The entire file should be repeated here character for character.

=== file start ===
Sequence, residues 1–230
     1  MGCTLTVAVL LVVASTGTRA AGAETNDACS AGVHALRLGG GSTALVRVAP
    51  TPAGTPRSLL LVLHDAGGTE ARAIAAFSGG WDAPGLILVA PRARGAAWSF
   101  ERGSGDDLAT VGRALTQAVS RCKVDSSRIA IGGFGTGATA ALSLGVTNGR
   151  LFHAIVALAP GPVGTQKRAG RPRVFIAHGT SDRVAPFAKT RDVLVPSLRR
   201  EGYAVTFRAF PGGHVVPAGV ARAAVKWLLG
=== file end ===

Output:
Sequence, residues 1–230
     1  MGCTLTVAVL LVVASTGTRA AGAETNDACS AGVHALRLGG GSTALVRVAP
    51  TPAGTPRSLL LVLHDAGGTE ARAIAAFSGG WDAPGLILVA PRARGAAWSF
   101  ERGSGDDLAT VGRALTQAVS RCKVDSSRIA IGGFGTGATA ALSLGVTNGR
   151  LFHAIVALAP GPVGTQKRAG RPRVFIAHGT SDRVAPFAKT RDVLVPSLRR
   201  EGYAVTFRAF PGGHVVPAGV ARAAVKWLLG